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Perfectionism Is Just Chronic Insecurity In Disguise (via Sam Kim)

Sam Kim writes about the social media fueled anxiety that seems to be eating away at younger generations.

Courtesy of Ed Stetzer’s blog:

In a culture based on shame and superficiality, the elephant in the room, which is the pressure to be amazing, is always staring directly at us.
If we truly want to win the hearts of the next generation with the gospel, we must help reclaim their identity as the beloved, because only perfect love can cast out fear.

Read the whole post here.


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Faith In The Son Of God Is Not About Fast Changes (via Joel Littlefield)

The transition from outside the kingdom into the kingdom happens all at once.
The transition of the character of the lives that have gone from completely outside to completely inside takes longer.
We shouldn’t be discouraged.
As Joel Littlefield writes Things That Matter Rarely Happen Fast.

Jesus said that the Kingdom of God is like a mustard seed. Compared to the tree that it produces, it’s among the smallest of seeds. Being a Christian in this Kingdom will mean that what is being produced in us by Jesus, though it be small and comparatively insignificant right now, will one day have influence that spreads like the branches of a large tree. Seeds are planted and may not sprout for days. Yet with time and patience, fruit comes.
Faith in the Son of God is not about fast changes. It’s about truth hidden in our hearts that is doing something now, and will one day spring forth as great trees producing more fruit than we can imagine.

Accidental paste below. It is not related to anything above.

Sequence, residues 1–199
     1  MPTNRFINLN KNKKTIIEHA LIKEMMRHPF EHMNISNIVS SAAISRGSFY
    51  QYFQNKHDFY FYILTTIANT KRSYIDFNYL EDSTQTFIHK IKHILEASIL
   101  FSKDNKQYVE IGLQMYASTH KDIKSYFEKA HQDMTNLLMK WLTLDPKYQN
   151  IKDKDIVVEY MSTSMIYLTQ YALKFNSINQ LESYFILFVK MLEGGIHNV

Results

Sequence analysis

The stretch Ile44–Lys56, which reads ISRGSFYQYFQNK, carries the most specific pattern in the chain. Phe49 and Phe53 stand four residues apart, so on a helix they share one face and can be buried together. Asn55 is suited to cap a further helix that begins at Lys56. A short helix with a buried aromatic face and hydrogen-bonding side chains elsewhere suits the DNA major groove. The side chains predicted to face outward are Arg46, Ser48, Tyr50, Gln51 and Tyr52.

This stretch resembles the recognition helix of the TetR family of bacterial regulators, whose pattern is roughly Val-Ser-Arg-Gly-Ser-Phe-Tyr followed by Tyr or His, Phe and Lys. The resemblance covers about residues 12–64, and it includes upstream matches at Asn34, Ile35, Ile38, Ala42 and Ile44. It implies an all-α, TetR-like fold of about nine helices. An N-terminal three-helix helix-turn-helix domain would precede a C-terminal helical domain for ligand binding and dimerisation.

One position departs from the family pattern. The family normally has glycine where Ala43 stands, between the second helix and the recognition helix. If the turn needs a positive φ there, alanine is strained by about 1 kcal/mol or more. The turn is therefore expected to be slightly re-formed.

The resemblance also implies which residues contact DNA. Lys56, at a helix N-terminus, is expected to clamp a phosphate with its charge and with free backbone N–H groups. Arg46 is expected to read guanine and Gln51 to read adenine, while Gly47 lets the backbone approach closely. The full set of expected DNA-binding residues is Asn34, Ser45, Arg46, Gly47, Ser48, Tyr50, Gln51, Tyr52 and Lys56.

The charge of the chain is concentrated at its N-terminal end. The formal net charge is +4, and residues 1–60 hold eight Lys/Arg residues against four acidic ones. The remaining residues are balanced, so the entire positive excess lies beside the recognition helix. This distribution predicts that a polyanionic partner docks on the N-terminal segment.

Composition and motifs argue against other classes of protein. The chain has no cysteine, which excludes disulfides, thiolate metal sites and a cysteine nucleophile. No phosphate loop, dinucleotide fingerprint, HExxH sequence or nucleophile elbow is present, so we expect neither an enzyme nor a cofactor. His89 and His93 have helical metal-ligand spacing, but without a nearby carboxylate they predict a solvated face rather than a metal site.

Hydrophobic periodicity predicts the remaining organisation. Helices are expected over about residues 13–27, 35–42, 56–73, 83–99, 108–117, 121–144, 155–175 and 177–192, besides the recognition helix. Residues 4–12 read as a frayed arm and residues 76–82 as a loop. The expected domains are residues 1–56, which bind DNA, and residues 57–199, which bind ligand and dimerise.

Read the rest of the post here.


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Heidelberg Catechism – Lord’s Day 6

Heidelberg Catechism – Lord’s Day 6

16.
Q. Why must he be a true and righteous man?
A. Because God’s righteousness requires that man who has sinned should make reparation for sin, but the man who is himself a sinner cannot pay for others.

17.
Q. Why must he at the same time be true God?
A. So that by the power of his divinity he might bear as a man the burden of God’s wrath, and recover for us and restore to us righteousness and life.

18.
Q. Who is this mediator who is at the same time true God and a true and perfectly righteous man?
A. Our Lord Jesus Christ, who is freely given to us for complete redemption and righteousness.

19.
Q. Whence do you know this?
A. From the holy gospel, which God himself revealed in the beginning in the Garden of Eden, afterward proclaimed through the holy patriarchs and prophets and foreshadowed through the sacrifices and other rites of the Old Covenant, and finally fulfilled through his own well-beloved Son.